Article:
Financial support and sponsorship

Nil.

Conflicts of interest

There are no conflicts of interest.



 
   References Top

1.
Tao M, Ma D, Li Y, Zhou C, Zhang Y, Duan W. Clinical significance of circulating tumor cells in breast cancer patients. Breast Cancer Res Treat 2011;129:247-54.  Back to cited text no. 1
    
2.
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3.
Lian L, Li W, Mao Y, Zhang Y, Chen K, Duan W, et al. Inhibition of MCF-7 breast cancer cell induced platelet aggregation using a combination of antiplatelet drugs. Oncol Lett 2013;5:675-80.  Back to cited text no. 3
    
4.
Gasic GJ, Gasic TB, Stewart CC. Anti-metastatic effects associated with platelet reduction. Proc Natl Acad Sci USA 1968;61:46-52.  Back to cited text no. 4
    
5.
Alonso-ED, Strongin AY, Chung AW, Deryugina EI, Radomski MW. Membrane type-1 matrix metalloproteinase stimulates tumour cell induced platelet aggregation: Role of receptor glycoproteins. Br J Pharmacol 2004;141:241-52.  Back to cited text no. 5
    
6.
Jurasz P, Alonso ED, Radomski MW. Platelet cancer interactions: Mechanisms and pharmacology of tumour cell induced platelet aggregation. Br J Pharmacol 2004;143:819-26.  Back to cited text no. 6
    
7.
Cooke NM, Egan K, McFadden S, Grogan L, Breathnach OS, O'Leary J, et al. Increased platelet reactivity in patients with late-stage metastatic cancer. Cancer Med 2013;2:564-70.  Back to cited text no. 7
    
8.
Fabre JE, Nguyen M, Latour A, Keifer JA, Audoly LP, Coffman TM, et al. Decreased platelet aggregation, increased bleeding time and resistance to thromboembolism in P2Y1-deficient mice. Nat Med 1999;5:1199-202.  Back to cited text no. 8
    
9.
Haralabopoulos GC, Grant DS, Kleinman HK, Maragoudakis ME. Thrombin promotes endothelial cell alignment in Matrigel invitro and angiogenesis in vivo. Am J Physiol 1997;273:239-45.  Back to cited text no. 9
    
10.
Wojtukiewicz MZ, Tang DG, Nelson KK, Walz DA, Diglio CA, Honn KV. Thrombin enhances tumor cell adhesive and metastatic properties via increased alpha IIb beta 3 expression on the cell surface. Thromb Res 1992;68:233-45.  Back to cited text no. 10
    
11.
Zhou H, Gabazza EC, Takeya H, Deguchi H, Urano H, Adachi Y, et al. Prothrombin and its derivatives stimulate motility of melanoma cells. Thromb Haemost 1998;80:407-12.  Back to cited text no. 11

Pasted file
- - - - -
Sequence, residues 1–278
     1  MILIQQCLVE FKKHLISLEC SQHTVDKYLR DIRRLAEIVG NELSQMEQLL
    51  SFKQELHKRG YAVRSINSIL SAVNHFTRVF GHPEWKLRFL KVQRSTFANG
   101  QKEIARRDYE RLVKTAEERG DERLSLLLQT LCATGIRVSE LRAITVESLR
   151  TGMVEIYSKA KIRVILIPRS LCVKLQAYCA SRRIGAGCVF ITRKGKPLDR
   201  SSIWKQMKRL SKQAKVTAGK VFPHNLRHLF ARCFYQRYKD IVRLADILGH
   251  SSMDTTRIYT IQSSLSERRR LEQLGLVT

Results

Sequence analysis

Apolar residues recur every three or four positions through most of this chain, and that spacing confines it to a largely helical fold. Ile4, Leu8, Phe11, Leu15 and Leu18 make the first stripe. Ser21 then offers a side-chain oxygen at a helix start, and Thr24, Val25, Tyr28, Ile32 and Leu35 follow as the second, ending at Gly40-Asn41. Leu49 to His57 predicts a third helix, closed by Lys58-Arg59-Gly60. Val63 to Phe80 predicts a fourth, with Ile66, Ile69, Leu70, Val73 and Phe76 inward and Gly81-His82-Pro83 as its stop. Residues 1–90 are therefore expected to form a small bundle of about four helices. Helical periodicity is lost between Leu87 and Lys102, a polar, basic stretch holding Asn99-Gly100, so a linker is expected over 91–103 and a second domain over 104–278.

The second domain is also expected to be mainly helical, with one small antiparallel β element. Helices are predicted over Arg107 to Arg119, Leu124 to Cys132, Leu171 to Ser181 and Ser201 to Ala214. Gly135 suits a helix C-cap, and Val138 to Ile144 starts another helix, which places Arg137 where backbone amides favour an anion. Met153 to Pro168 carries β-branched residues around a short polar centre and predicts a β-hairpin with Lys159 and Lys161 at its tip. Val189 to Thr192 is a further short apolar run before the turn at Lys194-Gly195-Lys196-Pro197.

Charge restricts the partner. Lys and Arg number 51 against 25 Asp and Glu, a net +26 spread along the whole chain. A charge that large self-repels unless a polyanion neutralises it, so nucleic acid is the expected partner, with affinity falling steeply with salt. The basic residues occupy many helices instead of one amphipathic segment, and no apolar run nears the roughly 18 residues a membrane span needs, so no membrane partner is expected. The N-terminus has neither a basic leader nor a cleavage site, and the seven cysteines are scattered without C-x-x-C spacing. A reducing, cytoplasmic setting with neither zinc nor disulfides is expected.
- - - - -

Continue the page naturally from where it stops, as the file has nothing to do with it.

12.
Yamahata H, Takeshima H, Kuratsu J, Sarker KP, Tanioka K, Wakimaru N, et al. The role of thrombin in the neo-vascularization of malignant gliomas: An intrinsic modulator for the up-regulation of vascular endothelial growth factor. Int J Oncol 2002;20:921-8.  Back to cited text no. 12
    
13.
Stravodimou A, Voutsadakis IA. Pretreatment thrombocytosis as a prognostic factor in metastatic breast cancer. Int J Breast Cancer 2013;2013:289563.  Back to cited text no. 13
    
14.
Cristofanilli M, Budd GT, Ellis MJ. Circulating tumor cells, disease progression, and survival in metastatic breast cancer. N Eng J Med 2004;351:781-91.  Back to cited text no. 14
    
15.
Yang J, Weinberg RA. Epithelial-mesenchymal transition: At the crossroads of development and tumor metastasis. Dev Cell 2008;14:818-29.  Back to cited text no. 15
    
16.
Cole BF, Logan RF, Halabi S, Benamouzig R, Sandler RS, Grainge MJ, et al. Aspirin for the chemoprevention of colorectal adenomas: Meta-analysis of the randomized trials. J Natl Cancer Inst 2009;101:256-66.  Back to cited text no. 16
    
17.
Coppinger JA, O Connor R, Wynne K, Flanagan M, Sullivan M, Maguire PB, et al. Moderation of the platelet release response by aspirin. Blood 2007;109:4786-92.  Back to cited text no. 17
    
18.
Roop RP, Naughton MJ, Poznak CV, Schneider JG, Lammers PE, Pluard TJ, et al. A randomized phase II trial investigating the effect of platelet function inhibition on circulating tumor cells in patients with metastatic breast cancer. Clin Breast Cancer 2013;13:409-15.  Back to cited text no. 18
    

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Correspondence Address:
Gaurav Singla
Department of Pathology, Vardhman Mahavir College and Safdarjung Hospital, New Delhi - 110 029
India
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Source of Support: None, Conflict of Interest: None


DOI: 10.4103/IJPM.IJPM_817_19

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    Figures